Keele Valley Landfill

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A sign notifying visitors that the site is closed

The Keele Valley Landfill was the largest landfill in Canada and the third largest in North America[1] during its operation. It was the primary landfill site for the City of Toronto and the regional municipalities of York and Durham from 1983 until 2002, and was owned and operated by the City of Toronto.[2] It was located at the intersection of Keele Street and McNaughton Road in Maple, a community in the northeastern part of the City of Vaughan in Ontario.

In 1985, the initial portion of a landfill gas collection system was installed to reduce emissions and associated odours emanating into the nearby community. This has been used to generate electricity, which it has continued to do since the landfill's closing, sufficient to power 20,000 homes.

The facility is registered in the National Pollutant Release Inventory, with site identification number 7371.[3] The site emitted about 410 kilotonnes of carbon dioxide equivalent greenhouse gases in 2011.[4]

In 2002, the site was identified by the Government of Ontario as an Area of High Aquifer Vulnerability, which would prohibit waste disposal and organic soil conditioning facilities being built or operating there per the Oak Ridges Moraine Conservation Plan.[5] Vaughan's Official Plan Amendment 604 (OPA 604) specified that the site would be redeveloped as an open public space.[5]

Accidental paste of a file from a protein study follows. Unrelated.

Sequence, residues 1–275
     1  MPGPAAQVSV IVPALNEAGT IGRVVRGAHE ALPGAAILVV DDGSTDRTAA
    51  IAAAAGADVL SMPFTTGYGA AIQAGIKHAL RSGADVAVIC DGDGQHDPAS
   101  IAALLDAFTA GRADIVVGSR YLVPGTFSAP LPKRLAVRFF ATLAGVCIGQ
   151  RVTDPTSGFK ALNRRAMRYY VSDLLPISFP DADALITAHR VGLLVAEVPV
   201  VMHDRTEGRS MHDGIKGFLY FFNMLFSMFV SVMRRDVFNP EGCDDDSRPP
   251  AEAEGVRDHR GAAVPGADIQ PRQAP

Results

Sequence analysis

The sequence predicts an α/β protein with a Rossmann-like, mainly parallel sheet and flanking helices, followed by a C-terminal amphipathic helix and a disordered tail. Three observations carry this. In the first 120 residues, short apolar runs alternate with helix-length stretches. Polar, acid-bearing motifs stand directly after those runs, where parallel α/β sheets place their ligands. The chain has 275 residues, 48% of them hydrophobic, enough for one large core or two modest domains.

The site was originally a large gravel pit which was purchased by the city of Toronto in the 1970s[6] for C$38 million.[7] Before its opening, Toronto's trash was sent to the Beare Road Landfill in Scarborough, and Vaughan's trash was sent to a site about 1 kilometre north of Keele Valley, north of Teston Road.[8] When it opened, the Keele Valley Landfill was within an almost entirely rural setting, but the rapid growth of Maple in the 1990s surrounded the site with residential developments.[9] The site opened on 28 November 1983[10] based on an agreement between Metropolitan Toronto and York Region, under which Toronto was required to dispose of York's waste until 2003 in exchange for establishing the Keele Valley site.[11] The site accepted garbage from the area of Toronto west of Yonge Street, whereas garbage from areas east of Yonge Street was sent to the Brock Road Landfills.[7] The York municipalities of King and Georgina continued to dispose of their waste in local landfill for some time, whereas the others paid dumping fees to the city of Toronto for use of the Keele Valley Landfill.[12] The site was originally scheduled to close in 1993,[12] at which time it was expected to reach its capacity of 20 million tonnes.[13][14] It overlays a sand aquifer, using a single engineered landfill liner to prevent leachate from entering the aquifer below.[15]

An on-site Household Hazardous Waste depot collected paint, batteries, pesticides, cleaning agents and other hazardous waste in small (residential) quantities.[10] A general recycling depot, to which residents and businesses could bring appliances (refrigerators, stoves, washing machines, etc.), corrugated cardboard, drywall, scrap metal and tires for recycling operated at the site,[10] as did a tire recycling depot.[16] The facility also had a yard waste drop-off area, from which the operators would transport material for composting in large outdoor windrows on a site north of the landfill,[10] at the Avondale Composting Site.[17] It also accepted waste brought by residents of households in York Region, but building contractors abused the privilege by bringing numerous small loads to the landfill, prompting the imposition of a tipping fee in 1990 for pickup trucks and small trailers.[16] Commercial haulers were charged $18 per tonne in 1988, and $97 per tonne in 1990.[18]